With 75 confirmed cases of the novel coronavirus (COVID-19) as of Monday morning, February 17, Singapore is now home to the largest number of infected patients in Southeast Asia.
Anxieties about the potentially deadly virus are rippling throughout the densely populated island-state. Singapore has seen supermarkets swept up in panic-purchasing frenzies and insane queues for hand sanitisers in obscure places.
The Ministry of Education is now taking active steps to educate students on precautionary measures. It unleashed its latest weapon against the serious epidemic on Friday, February 14 — a music video titled “Bye Bye Virus.”
Introducing the Soaper 5: Super Soaper Soffy, Hands Down Hanna, Mask Up Mei Mei, Virus Screener Varun, and Wipe Up Wilson. Some say their image is squeaky clean, literally. The Soaper squad comes complete with a superhero team logo and weapons including hand soap, washcloths, and face masks. From the looks of it, they’re ready to do some serious coronavirus butt-kicking.
The music video also features some pretty literal dance moves that mirror the equally literal song lyrics, demonstrated by a bunch of primary school students.
Even the Minister of Education was obliged to join in the dance multiple times during school visits.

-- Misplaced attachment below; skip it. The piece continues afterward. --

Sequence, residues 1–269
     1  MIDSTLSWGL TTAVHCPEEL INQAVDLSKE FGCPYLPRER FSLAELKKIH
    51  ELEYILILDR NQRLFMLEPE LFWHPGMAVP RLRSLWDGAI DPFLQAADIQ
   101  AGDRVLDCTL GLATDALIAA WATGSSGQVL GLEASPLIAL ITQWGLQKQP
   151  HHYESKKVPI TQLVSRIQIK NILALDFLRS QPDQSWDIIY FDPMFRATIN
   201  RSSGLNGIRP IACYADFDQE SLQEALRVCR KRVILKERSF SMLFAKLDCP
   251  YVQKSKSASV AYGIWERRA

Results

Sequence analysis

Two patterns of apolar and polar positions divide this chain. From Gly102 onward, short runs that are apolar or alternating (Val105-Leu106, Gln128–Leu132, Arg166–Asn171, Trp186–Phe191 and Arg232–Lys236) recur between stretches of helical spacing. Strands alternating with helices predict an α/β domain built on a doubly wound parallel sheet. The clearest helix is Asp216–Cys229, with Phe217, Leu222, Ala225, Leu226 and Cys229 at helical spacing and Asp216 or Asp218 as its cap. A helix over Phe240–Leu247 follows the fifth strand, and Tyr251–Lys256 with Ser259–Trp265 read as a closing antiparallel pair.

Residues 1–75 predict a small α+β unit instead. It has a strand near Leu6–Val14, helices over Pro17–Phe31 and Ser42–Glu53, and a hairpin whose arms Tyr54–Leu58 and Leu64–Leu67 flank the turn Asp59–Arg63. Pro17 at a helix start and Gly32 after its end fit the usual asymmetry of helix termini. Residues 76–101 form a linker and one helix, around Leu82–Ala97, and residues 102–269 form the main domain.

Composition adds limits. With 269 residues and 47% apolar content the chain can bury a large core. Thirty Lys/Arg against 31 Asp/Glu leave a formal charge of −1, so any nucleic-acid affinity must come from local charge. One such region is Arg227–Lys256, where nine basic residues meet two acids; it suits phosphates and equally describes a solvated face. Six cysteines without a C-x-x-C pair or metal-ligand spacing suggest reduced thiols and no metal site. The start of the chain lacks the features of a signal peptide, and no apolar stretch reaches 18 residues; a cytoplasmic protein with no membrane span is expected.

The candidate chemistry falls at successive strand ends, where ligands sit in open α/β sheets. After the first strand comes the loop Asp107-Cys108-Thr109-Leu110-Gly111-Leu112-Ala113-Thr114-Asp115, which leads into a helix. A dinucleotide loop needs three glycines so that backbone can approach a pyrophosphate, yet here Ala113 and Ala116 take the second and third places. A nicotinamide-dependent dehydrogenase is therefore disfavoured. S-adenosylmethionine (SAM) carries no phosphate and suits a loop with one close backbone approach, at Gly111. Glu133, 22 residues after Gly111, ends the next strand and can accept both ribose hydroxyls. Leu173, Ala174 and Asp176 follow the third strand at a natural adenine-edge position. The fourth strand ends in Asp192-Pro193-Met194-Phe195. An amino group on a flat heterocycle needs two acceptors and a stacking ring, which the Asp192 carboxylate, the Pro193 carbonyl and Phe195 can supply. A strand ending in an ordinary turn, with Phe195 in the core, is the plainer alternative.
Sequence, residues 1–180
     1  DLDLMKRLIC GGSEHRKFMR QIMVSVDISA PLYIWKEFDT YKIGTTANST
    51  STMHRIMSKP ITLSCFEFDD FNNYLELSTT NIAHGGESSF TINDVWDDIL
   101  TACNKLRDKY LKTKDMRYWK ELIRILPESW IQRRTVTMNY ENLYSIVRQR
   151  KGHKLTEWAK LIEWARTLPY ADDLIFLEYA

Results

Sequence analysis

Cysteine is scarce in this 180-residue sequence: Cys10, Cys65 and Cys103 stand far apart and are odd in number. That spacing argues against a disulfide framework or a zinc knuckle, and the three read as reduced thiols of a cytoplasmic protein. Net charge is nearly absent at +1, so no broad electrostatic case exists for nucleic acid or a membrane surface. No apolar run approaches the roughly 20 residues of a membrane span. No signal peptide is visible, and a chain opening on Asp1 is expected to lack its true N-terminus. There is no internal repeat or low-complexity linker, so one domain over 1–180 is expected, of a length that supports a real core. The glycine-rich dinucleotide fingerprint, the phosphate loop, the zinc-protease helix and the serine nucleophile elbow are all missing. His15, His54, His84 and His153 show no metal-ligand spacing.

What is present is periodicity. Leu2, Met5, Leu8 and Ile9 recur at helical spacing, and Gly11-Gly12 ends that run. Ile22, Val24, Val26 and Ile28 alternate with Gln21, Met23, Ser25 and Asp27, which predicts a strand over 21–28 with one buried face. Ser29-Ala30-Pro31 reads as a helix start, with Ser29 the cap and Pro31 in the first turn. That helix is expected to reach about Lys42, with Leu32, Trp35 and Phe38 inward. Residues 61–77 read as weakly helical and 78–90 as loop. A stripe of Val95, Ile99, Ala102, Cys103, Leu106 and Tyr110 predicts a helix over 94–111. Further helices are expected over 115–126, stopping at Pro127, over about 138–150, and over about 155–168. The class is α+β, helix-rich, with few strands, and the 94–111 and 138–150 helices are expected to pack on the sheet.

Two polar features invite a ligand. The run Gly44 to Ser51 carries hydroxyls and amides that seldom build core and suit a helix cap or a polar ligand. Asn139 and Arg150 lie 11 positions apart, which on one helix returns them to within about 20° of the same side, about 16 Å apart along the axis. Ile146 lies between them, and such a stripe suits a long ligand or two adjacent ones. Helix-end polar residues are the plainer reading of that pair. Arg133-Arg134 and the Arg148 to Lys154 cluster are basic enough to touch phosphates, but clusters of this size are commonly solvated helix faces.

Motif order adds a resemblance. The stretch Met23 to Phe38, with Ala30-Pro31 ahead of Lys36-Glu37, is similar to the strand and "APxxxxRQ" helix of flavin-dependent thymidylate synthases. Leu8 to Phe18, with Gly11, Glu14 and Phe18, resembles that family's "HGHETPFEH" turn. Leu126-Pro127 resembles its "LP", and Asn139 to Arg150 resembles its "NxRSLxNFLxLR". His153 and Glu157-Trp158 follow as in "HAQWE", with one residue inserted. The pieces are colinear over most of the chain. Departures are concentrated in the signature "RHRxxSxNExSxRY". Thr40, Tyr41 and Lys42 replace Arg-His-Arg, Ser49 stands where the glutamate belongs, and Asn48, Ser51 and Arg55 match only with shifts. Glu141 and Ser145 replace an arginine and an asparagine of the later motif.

We can almost smell the awkwardness wafting through the air.
As cringey as it is, the song may be on to something. The “Bye Bye Virus” music video harkens back collective memories of SARS, the epidemic that nearly two decades ago killed 33 people in Singapore and scared the hell out of almost everyone else.
At the height of the SARS outbreak in 2003, one of Singapore’s most recognisable comedic characters, Phua Chu Kang, dropped the “SAR-vivor Rap” music video, which went on to become an iconic Singaporean memory etched in the minds of those who lived through the epidemic. The exaggerated hip-hop style and liberal doses of Singlish peppered throughout the lyrics won Singaporeans through self-aware satire.
Now, 17 years later, the infamous music video is making a comeback on the internet. People are re-sharing it now that the song’s reminders to “wash your hands” and “wash with soap” is relevant once again.
Meanwhile, some Singaporeans have taken the liberty to raise awareness about virus prevention through a rap video of their own.
We’re still caught in the fight against the coronavirus, but I guess owning these kick-ass dances won't hurt?
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